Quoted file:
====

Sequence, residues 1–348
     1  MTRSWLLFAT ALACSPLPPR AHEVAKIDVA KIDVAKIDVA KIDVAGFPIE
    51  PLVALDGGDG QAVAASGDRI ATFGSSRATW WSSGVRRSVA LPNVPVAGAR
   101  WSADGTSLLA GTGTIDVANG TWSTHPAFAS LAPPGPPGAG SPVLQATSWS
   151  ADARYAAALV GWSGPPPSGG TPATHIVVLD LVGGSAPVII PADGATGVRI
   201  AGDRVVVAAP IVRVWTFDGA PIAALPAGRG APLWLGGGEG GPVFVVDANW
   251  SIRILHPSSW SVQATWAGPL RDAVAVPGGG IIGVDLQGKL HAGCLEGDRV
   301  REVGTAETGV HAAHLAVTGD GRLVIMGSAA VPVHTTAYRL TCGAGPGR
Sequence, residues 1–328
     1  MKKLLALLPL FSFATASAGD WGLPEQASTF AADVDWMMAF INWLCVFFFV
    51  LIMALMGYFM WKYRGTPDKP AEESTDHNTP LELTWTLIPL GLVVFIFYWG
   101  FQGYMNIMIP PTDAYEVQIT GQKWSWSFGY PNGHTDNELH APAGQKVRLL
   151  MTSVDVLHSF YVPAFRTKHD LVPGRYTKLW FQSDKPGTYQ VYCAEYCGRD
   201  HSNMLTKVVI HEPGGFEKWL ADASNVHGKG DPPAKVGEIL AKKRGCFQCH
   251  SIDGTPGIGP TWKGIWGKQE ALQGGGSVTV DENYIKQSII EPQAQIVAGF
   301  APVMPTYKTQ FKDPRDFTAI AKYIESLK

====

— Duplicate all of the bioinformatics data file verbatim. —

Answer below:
Sequence, residues 1–348
     1  MTRSWLLFAT ALACSPLPPR AHEVAKIDVA KIDVAKIDVA KIDVAGFPIE
    51  PLVALDGGDG QAVAASGDRI ATFGSSRATW WSSGVRRSVA LPNVPVAGAR
   101  WSADGTSLLA GTGTIDVANG TWSTHPAFAS LAPPGPPGAG SPVLQATSWS
   151  ADARYAAALV GWSGPPPSGG TPATHIVVLD LVGGSAPVII PADGATGVRI
   201  AGDRVVVAAP IVRVWTFDGA PIAALPAGRG APLWLGGGEG GPVFVVDANW
   251  SIRILHPSSW SVQATWAGPL RDAVAVPGGG IIGVDLQGKL HAGCLEGDRV
   301  REVGTAETGV HAAHLAVTGD GRLVIMGSAA VPVHTTAYRL TCGAGPGR
Sequence, residues 1–328
     1  MKKLLALLPL FSFATASAGD WGLPEQASTF AADVDWMMAF INWLCVFFFV
    51  LIMALMGYFM WKYRGTPDKP AEESTDHNTP LELTWTLIPL GLVVFIFYWG
   101  FQGYMNIMIP PTDAYEVQIT GQKWSWSFGY PNGHTDNELH APAGQKVRLL
   151  MTSVDVLHSF YVPAFRTKHD LVPGRYTKLW FQSDKPGTYQ VYCAEYCGRD
   201  HSNMLTKVVI HEPGGFEKWL ADASNVHGKG DPPAKVGEIL AKKRGCFQCH
   251  SIDGTPGIGP TWKGIWGKQE ALQGGGSVTV DENYIKQSII EPQAQIVAGF
   301  APVMPTYKTQ FKDPRDFTAI AKYIESLK